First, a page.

Archive for the ‘Musings’ Category

What Should a PlayStation Vita Sequel Look Like?

Many people would say that Sony should abandon portable gaming altogether, especially given how much Nintendo has dominated this arena in recent years, and, more importantly, how mobile gaming now dominates both companies’ offerings altogether.  As I’ve waxed on before, I prefer portable to mobile (i.e. handheld console to smartphone), in large part because of the physical controls.  While the analog sticks, face buttons, d-pad, and shoulder buttons are all small on Vita, I will take these any day over using a touchscreen only.  As such, I want Sony to continue working in this admittedly dwindling market; here are my armchair ideas:


While the OLED display on the original Vita is quite rich, Sony was right to switch to an LCD panel in the revised and slimmed down Vita PCH-2000.  Two benefits arose: one, the unit was less expensive to manufacture; two, the battery life was noticeably improved.  A sequel to the Vita should just go ahead and retain this status quo (though a higher PPI and wide-angle IPS would be welcome.)  Size-wise, I would leave the dimensions alone.  In my pie-in-the-sky dreams, I would also like Sony to adopt a Gorilla Glass 3 panel, which will be scratch resistant and light, compared to the existing ones that use scratch-prone plastic.


I believe the best addition the Vita brought to market was a second analog stick, which was lacking on the PlayStation Portable series.  This allowed for true 3D gaming, which greatly paid off in many of Vita’s titles.  But while the handheld attempted to mimic a DualShock 3, it was lacking in a few areas: first, the face buttons could stand to be about 20% larger than they are now.  Same goes for the d-pad and analog sticks.  There is way more bezel on the Vita than there needs to be, so there is room to invade those areas.  Second, the sequel needs to somehow account for L2 and R2, as well as L3 and R3 (i.e. triggers to go with the shoulder buttons, and clickable analog sticks).  As it stands today, those missing input methods are simulated with various touchscreen or rear touchpad taps. Again, we want physical controls.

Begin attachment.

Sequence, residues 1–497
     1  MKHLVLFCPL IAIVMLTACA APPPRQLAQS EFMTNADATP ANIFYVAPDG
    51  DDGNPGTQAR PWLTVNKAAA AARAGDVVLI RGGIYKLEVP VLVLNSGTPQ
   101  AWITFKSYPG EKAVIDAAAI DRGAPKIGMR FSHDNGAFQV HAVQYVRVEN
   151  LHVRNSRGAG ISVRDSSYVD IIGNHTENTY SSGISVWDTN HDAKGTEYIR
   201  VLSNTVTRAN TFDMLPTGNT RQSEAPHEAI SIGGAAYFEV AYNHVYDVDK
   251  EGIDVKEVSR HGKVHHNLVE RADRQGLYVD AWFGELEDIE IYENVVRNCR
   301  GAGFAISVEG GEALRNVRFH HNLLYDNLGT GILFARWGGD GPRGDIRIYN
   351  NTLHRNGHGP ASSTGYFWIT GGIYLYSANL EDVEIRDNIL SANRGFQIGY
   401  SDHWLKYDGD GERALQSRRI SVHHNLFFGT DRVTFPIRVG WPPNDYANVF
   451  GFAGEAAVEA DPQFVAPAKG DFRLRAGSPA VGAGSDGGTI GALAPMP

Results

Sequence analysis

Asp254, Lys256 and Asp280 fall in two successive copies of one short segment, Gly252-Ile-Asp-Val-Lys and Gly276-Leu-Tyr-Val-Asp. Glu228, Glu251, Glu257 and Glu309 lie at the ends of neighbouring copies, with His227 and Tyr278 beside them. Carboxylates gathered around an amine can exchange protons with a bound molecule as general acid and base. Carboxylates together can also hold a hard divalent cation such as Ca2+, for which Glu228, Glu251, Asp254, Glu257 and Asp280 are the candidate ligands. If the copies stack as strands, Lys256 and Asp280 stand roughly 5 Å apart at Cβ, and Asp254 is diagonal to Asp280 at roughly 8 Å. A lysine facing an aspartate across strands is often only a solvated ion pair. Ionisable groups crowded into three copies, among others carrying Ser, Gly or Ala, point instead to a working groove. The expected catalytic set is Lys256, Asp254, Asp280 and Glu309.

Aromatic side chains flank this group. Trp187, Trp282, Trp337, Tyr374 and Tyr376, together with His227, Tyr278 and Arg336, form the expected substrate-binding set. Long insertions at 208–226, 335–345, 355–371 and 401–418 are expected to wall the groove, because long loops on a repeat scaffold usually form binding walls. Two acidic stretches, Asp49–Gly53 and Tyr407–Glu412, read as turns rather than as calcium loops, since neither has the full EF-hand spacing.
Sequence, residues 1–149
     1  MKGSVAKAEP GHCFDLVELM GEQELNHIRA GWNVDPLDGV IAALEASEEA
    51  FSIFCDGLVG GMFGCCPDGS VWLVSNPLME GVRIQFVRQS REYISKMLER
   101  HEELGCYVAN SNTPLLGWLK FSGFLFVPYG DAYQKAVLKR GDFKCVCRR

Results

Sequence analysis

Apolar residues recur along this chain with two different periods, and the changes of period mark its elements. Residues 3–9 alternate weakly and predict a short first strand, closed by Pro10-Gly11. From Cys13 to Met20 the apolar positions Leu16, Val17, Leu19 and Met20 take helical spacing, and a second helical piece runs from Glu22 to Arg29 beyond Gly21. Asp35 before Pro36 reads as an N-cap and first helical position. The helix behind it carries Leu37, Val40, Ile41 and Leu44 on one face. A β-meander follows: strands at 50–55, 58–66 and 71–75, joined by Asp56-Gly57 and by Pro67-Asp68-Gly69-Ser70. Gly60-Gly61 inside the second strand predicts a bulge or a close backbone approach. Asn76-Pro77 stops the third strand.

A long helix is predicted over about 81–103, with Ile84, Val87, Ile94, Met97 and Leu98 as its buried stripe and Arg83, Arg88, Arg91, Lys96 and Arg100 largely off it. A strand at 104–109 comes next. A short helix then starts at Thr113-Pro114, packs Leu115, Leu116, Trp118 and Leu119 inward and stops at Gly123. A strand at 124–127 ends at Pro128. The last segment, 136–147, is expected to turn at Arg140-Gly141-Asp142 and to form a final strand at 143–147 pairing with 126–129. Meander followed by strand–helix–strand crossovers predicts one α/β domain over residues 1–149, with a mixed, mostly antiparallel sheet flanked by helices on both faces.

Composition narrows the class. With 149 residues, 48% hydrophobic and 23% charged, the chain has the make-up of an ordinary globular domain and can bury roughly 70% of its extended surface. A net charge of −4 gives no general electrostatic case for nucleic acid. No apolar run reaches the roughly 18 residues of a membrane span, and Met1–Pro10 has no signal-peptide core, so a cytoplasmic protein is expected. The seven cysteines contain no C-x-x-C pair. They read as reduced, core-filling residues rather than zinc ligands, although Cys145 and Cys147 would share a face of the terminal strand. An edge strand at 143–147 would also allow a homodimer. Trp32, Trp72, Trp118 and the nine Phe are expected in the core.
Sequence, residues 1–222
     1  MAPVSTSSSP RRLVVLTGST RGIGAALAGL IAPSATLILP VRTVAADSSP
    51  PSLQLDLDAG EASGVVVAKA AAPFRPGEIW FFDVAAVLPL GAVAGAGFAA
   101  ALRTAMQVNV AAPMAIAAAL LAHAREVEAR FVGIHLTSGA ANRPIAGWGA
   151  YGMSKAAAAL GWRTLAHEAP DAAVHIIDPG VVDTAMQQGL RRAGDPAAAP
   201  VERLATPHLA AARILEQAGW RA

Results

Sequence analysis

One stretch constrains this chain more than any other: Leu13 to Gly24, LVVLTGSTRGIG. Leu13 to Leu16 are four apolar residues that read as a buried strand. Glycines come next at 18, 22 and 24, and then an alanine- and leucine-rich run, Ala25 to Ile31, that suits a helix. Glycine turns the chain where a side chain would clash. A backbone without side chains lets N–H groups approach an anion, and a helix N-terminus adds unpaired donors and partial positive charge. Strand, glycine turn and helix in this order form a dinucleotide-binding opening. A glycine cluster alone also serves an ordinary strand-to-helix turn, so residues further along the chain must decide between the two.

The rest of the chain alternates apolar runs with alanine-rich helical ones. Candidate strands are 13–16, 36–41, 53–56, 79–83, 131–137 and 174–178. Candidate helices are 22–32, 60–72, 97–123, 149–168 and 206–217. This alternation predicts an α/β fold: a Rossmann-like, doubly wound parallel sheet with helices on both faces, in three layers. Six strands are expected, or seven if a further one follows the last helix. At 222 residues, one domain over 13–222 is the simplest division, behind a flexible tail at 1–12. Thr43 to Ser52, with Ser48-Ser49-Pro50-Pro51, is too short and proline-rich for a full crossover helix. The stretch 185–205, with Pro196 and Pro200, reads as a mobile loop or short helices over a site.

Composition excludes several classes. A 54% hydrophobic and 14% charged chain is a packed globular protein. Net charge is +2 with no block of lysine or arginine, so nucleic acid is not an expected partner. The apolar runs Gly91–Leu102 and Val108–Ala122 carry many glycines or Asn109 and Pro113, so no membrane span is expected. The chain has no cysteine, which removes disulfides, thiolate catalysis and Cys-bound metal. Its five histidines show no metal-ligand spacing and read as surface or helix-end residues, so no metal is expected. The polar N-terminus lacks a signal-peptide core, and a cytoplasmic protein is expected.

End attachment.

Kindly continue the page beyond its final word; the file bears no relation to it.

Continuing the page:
Additionally, let’s mimic the DualShock 4 and offer Share and Option buttons, instead of Select and Start.  As Vita has today, we’ll retain Sixaxis support as well.


I really can’t justify the inclusion of a rear camera.  Who is using his or her Vita to take snapshots?  I would think the Venn Diagram of Vita owners who also own smartphones overlaps quite a bit.  As for the front camera, I can see some utility in treating it like a PlayStation 4 Camera, though it’s field of view is much tighter than its home-console counterpart.  I would consider that front one optional but probably unnecessary: we don’t need to be video conferencing on this device.  It’s for games.  Dropping these will save a fair amount of cost.

Touch Input

Keeping the touchscreen makes a lot of sense for menu navigation.  Also, it’s a good way to simulate the DualShock 4’s touchpad, so I say leave it in.  The reach touchpad, on the other hand, is useless.  Lose it and save the money.  Doing so will reduce power consumption and save space.  Further, not having this input method will reduce spurious inputs to boot.


This is a big one: something Sony should do is use ARM processors in the next Vita, instead of proprietary ones.  Sony realized the value in switching to an industry-standard x86-64 Intel-compatible processor in the PS4; it should do the same in its handheld by embracing the industry standard in mobile computing.  ARM processors are incredibly powerful now, and better still, they’re incredibly power efficient.  Moreover, adopting such a ubiquitous architecture will simplify development and encourage mobile developers to consider porting their games to this new handheld.


This console needs to adopt at least 802.11n (as should the PS4, by the way), but 802.11ac would be even better, obviously.  High-speed, reliable WiFI will help make it an even better Remote Play device than its forebear.  Secondly, let’s not even bother with cellular networking.  The extra cost from a manufacturing standpoint, as well as to the consumer, is not worth it for the limited functionality it offered in the 3G Vita.  Most people have hotspot access on their smartphone plans now anyway.


Sony’s decision to employ a proprietary memory card in the Vita is simultaneously understandable from a business angle and deeply anti-consumer from a customer’s.  Worse still, these cards were shockingly expensive for their limited storage: the 32GB capacity was a staggering $100, while its SDXC card equivalent was less than $30.  Today, a 64GB Vita card has taken that $100 position, but an SDXC card of that size is $25.  Absurd difference.

Either use SDXC with an industry-standard encryption (perhaps AES 128 or 256) to prevent save-file manipulation and piracy, or only use internal memory and obfuscate the whole thing.  If Sony were to choose the latter, however, this console could not have less than 64GB; ideally, it would be 128GB.  That could get expensive.  I saw Sony should simply employ the SDXC cards.